In another embodiment, the polymerization step of the method further comprises the addition of an initiator, e.g. selected from azo-containing compounds (e.g. AIBN) and persulfate compounds (e.g. potassium persulfate). According to a further aspect, the present technology relates to an electrode material comprising particles, said particles comprising a core-shell structure wherein: the core comprises an electrochemically active material particles having a surface comprising hydroxyl groups; and the shell comprises a hydrophobic polymer and covers at least partially the surface; wherein the hydrophobic polymer is grafted on the surface of the particle by one or more covalent bond(s).

In one embodiment, the hydrophobic polymer is grafted directly on the surface. In another embodiment, the hydrophobic polymer is grafted on the surface through a linker, e.g. a linker based on an organic silicon monomer comprising an ethylene substituent.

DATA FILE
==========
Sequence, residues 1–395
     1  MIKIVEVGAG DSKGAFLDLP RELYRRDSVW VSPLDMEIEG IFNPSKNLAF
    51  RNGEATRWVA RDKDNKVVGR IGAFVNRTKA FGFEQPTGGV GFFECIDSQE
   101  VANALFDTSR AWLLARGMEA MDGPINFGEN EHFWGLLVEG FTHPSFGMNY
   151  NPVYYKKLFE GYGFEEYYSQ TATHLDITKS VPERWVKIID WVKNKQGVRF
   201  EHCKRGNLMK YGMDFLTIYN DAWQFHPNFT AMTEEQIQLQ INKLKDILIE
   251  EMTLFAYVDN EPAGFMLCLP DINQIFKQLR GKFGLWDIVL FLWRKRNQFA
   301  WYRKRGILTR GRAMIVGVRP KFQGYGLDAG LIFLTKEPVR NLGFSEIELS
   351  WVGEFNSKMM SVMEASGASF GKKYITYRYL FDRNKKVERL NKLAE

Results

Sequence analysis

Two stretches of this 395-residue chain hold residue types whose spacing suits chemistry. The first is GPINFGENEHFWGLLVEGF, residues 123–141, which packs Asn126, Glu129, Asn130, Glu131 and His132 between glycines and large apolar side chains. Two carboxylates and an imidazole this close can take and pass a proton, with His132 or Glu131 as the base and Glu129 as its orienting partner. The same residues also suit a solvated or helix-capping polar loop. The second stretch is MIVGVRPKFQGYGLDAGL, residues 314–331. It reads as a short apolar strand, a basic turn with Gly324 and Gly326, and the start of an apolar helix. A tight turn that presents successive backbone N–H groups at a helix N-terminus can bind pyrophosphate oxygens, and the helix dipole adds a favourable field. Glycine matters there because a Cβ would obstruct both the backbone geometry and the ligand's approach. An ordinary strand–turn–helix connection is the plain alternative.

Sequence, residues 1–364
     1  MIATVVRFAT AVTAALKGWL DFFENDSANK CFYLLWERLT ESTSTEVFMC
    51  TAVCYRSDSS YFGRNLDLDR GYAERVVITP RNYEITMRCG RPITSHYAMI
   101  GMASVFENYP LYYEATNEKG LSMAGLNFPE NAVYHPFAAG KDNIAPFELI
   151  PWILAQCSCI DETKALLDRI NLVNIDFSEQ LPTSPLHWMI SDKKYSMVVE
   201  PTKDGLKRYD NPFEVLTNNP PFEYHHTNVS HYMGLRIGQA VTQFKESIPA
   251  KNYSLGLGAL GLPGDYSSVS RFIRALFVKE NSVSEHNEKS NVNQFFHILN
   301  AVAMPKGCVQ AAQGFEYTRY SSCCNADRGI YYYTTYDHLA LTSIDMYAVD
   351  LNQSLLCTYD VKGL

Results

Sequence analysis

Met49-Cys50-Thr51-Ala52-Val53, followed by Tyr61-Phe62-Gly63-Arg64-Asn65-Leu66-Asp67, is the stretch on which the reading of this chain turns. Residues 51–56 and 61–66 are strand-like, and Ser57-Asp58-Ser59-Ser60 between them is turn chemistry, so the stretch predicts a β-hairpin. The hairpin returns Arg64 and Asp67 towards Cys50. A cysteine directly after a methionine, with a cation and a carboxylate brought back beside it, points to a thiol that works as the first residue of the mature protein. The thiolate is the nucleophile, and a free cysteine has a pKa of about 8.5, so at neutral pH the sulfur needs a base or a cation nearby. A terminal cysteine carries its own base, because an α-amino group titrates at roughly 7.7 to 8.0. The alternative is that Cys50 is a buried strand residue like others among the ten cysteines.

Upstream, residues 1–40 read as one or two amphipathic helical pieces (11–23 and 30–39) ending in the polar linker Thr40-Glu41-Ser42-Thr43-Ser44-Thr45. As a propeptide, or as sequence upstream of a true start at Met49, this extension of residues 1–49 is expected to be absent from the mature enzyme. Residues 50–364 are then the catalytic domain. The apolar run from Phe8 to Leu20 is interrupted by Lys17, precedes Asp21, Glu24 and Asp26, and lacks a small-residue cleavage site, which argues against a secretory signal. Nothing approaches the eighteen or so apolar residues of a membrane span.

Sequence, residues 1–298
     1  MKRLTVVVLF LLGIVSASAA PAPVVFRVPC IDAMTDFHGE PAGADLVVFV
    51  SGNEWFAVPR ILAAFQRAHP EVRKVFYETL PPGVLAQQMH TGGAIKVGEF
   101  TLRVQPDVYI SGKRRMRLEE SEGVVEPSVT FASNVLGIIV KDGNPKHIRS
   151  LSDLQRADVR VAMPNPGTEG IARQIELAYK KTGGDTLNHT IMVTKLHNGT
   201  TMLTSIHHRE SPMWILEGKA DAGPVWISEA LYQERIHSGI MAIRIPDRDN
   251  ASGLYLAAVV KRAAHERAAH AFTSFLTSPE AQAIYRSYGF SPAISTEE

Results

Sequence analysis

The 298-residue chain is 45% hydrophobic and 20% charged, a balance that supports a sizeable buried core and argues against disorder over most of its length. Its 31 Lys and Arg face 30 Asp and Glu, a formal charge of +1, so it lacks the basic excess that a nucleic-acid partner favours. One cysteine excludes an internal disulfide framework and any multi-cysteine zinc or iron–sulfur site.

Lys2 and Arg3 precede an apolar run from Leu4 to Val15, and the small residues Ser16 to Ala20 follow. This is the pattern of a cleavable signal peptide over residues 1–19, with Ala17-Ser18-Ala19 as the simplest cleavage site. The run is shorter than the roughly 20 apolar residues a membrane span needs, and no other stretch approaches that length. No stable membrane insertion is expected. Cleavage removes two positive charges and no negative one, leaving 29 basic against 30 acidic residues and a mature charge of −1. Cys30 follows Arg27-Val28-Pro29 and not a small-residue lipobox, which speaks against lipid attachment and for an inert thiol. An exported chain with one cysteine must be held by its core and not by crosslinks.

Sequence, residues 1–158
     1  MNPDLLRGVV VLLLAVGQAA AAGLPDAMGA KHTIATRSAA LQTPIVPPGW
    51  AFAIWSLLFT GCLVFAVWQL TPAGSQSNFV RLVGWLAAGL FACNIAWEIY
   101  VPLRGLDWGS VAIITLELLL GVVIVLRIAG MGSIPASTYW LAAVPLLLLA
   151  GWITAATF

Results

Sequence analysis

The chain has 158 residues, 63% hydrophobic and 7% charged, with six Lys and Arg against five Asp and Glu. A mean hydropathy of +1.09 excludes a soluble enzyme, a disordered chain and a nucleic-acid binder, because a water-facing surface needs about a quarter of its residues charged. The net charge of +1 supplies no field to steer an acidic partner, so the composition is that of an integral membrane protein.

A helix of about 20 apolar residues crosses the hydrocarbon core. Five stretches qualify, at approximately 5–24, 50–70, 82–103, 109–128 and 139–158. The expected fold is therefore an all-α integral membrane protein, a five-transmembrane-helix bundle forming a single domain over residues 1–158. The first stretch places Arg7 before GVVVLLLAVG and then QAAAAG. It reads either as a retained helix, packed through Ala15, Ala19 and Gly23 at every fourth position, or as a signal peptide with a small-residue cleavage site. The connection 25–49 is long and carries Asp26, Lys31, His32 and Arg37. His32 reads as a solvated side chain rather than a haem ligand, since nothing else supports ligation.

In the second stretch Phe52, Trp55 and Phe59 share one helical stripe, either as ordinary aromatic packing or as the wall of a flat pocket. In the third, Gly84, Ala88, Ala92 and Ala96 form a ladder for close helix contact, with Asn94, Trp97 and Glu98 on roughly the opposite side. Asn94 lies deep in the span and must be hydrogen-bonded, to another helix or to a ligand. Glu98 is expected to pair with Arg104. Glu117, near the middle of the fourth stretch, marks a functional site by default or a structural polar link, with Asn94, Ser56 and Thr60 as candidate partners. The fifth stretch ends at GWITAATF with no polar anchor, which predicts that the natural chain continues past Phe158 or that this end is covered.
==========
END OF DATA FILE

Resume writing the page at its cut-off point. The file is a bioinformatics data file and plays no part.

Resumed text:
According to another embodiment, the hydrophobic polymer is based on monomers polymerizable via radical polymerization, for instance, based on at least one hydrophobic monomer comprising a halogen group, e.g. vinyl benzyl chloride. In one embodiment, the hydrophobic polymer is further based on at least one styrene monomer. In one embodiment, an additional substituent is partially grafted on the hydrophobic polymer by covalent bonding, said substituent being adapted for improving adhesion of said hydrophobic polymer on said surface of the electrochemically active material. For instance, the additional substituent is 1 ,8-diazabicyclo[5.4.0]undec-7-ene.